God, Guts and Guns

A criminal helps Sudanese orphans in 'Machine Gun Preacher'


The glib way to sum up Machine Gun Preacher is that it’s a case of too much preaching and not enough machine guns. Marc Forster’s film, as tone-deaf to American culture as his art-house hit Monster’s Ball, has an interesting real-life story. Sam Childers (Gerard Butler) was a born-again former biker and petty criminal from Pennsylvania who decided to give up everything to help war refugees in Sudan. In Africa, he turned into a machine-gun carrying guerrilla to protect the orphans in his care from raiders, even though (as this movie claims, anyway) this obsession endangered his marriage.

Jason Keller’s script reduces this unusual story to pure Chick-tract comic; Foster’s action sequences are only slightly more legible than the edited-to-shreds stuff he did in Quantum of Solace. Glimmerings of the film’s potential are visible from Michelle Monaghan, as his absurdly loyal wife, but the show here is stolen by Michael Shannon, in a preview of his startlingly fine acting in Take Shelter.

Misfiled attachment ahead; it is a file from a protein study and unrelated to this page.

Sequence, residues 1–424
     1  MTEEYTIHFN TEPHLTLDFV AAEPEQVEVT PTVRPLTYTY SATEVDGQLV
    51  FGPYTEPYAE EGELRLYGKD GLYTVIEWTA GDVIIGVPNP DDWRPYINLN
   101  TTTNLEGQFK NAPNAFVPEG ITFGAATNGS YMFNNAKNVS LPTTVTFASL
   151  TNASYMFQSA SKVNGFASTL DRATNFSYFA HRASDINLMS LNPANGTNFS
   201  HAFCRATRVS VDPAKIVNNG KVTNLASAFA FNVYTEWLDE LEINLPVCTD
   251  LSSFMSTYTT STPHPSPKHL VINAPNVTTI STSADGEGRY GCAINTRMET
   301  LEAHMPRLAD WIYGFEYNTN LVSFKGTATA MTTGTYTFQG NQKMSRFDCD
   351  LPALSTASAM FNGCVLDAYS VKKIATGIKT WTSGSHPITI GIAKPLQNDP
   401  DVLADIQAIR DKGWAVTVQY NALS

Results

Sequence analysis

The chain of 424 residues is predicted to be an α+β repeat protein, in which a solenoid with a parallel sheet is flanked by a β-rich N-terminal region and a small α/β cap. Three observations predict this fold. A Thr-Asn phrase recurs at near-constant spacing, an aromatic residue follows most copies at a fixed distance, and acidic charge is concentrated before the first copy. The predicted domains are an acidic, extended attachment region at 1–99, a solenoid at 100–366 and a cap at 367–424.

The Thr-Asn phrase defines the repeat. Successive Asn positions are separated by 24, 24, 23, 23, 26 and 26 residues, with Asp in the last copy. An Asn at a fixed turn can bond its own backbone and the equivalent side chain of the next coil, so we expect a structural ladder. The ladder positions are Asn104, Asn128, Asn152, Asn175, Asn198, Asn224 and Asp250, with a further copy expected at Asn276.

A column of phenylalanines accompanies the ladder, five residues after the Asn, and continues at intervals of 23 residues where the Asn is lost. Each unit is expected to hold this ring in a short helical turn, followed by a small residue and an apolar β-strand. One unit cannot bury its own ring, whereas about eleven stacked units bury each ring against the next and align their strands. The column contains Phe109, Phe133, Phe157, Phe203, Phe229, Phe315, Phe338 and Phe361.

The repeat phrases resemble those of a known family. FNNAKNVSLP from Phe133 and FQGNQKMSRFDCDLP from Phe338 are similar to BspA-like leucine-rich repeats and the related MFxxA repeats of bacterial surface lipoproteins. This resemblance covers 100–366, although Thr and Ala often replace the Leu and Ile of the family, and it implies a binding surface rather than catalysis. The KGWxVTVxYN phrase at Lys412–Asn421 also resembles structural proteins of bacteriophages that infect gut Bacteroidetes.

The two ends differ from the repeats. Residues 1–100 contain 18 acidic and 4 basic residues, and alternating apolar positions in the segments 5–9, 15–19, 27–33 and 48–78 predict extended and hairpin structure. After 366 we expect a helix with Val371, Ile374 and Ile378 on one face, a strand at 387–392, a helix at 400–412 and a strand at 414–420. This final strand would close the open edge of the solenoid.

Shannon plays Sam’s best bud Donnie—loose in tongue, wild in eyeballs and twitchy even in recovery. Shannon demonstrates the art of mush-mouthing dialogue that isn’t worth enunciating. Sam hits bottom during a wild ride with Donnie, who is trying to shoot up a spoonful of something or other, even as he’s driving through a winter night.

Compared to this diabolical inspiration, Childers’ wrestling match with his God isn’t as interesting—he’s monotonous, from getting dunked at a brick church to rounding up orphans. The kids themselves are so indistinguishable to Forster’s camera that one of them has to be scar-faced and mute so we can tell him from the rest. In all, the film doesn’t seriously consider the Christian duty to turn the other cheek, and it doesn’t fulfill its duty to its grindhouse title, either.

‘Machine Gun Preacher’ plays through Oct. 13 at Century Northgate 15. 7000 Northgate Drive, San Rafael. 415.491.1314.

Sonoma County Library